?Seawards? by the Swedish Sickoakes sextett is one of those albums you can lose yourself in. There is nothing particularly special about the kind of post/space/whatever rock they play. There are many bands that you could compare them to: Landing, Subarachnoid Space, Surface of Eceyon, Tarentel, etc. But the dense atmosphere that these Swedes create over seven tracks is really hard to get away from.
The slow album opener ?Driftwood? with its melancholic weeping guitar melds into the dreamy ?Taking the Stairs Instead of the Elevator? and by now, the listener is already caught. There?s a brief pause and then the epic ?Oceans on Hold? begins. A short intro leads into a fast part with delayed guitar riffs repeating and repeating until it all collapses. Then the same motive is played again slower with some glockenspiel accompanying the guitar and the rhythm section. This gets slowed down towards the end of the track until time almost stands still. That moment is actually a good opportunity to filter out the different elements of Sickoakes? incredibly dense sound. In a way it sounds like six people each playing minimal music with only a few chord changes, but taken together they deliver a larger-than-life experience.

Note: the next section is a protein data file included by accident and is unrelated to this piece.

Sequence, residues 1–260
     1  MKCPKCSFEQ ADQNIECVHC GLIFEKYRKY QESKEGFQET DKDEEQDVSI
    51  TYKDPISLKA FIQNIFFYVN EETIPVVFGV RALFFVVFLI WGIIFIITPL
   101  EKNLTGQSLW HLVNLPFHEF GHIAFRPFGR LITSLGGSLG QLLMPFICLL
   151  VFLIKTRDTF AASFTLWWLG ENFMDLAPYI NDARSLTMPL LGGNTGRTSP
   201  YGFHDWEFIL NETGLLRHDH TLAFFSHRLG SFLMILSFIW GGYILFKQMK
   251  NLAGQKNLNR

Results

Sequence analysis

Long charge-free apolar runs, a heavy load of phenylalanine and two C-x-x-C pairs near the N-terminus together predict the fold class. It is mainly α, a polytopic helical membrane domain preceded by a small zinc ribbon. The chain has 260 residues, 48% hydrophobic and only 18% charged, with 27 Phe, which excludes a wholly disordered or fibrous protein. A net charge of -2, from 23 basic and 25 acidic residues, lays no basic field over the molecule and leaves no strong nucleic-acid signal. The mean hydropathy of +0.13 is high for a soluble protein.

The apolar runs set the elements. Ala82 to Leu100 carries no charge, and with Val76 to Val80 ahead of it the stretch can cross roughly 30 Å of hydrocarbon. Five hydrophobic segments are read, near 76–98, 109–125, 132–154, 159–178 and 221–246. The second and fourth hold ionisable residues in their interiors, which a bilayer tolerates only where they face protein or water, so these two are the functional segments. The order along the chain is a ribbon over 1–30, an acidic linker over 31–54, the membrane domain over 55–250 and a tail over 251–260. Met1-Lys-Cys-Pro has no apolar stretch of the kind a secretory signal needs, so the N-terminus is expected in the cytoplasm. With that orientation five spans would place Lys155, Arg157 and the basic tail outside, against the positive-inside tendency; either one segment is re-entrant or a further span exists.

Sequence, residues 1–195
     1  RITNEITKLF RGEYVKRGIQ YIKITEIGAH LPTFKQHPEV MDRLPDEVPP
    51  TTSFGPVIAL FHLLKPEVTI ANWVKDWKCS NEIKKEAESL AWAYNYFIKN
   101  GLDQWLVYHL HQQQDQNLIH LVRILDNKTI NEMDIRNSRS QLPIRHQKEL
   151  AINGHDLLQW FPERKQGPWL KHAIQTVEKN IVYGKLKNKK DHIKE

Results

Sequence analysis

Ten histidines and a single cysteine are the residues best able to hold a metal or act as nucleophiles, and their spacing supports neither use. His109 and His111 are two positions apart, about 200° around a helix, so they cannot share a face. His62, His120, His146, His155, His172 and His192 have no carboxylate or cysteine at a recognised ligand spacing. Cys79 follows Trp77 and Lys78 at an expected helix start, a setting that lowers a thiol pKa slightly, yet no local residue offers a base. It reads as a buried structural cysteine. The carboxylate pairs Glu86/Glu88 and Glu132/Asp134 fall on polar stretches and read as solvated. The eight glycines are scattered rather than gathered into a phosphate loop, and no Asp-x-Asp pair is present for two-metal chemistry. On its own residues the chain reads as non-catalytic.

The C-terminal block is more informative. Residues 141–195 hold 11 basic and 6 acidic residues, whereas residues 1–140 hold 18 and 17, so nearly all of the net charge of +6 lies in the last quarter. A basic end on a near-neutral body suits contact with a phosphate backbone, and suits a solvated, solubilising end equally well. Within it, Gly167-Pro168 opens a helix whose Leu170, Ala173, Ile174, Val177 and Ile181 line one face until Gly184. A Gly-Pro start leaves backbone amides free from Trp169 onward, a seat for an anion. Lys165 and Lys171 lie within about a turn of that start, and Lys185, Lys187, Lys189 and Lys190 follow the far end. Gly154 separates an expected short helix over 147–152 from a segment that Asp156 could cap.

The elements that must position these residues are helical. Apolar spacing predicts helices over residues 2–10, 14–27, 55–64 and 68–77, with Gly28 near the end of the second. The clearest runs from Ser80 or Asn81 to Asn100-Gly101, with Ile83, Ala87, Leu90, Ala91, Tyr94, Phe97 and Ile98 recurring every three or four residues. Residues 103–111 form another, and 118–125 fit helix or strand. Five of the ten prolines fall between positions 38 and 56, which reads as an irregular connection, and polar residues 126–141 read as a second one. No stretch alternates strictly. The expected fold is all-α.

If you thought Sickoakes couldn?t get any more majestic after ?Oceans on Hold?, wait until you hear the two part ?Wedding Rings & Bullets in the Same Golden Shrine.? It almost gets too much there. Part 1 serves as an intro and Part 2 starts with yet another intro. Then Sickoakes slowly but steadily begin to build up tension with layer upon layer of hazy guitar and synthesizer fog. Glockenspiel and brass instruments join the game and at the 10-minute mark it?s time to let the balloon burst and have colorful confetti glide down from the sky, followed by an outro that is way too long. If I had to criticize anything else in the song, it would be the slightly cheesy U2 sounding guitar. But cosidering the overall greatness of ?Wedding Rings & Bullets in the Same Golden Shrine?, it doesn?t cost much to overlook that aspect. The album closes with the melancholic ?Leonine?, which leads the way back to the first song of the album. It?s more than worth joining Sickoakes on their tour. 7/10 -- Stephan Bauer (27 June, 2006)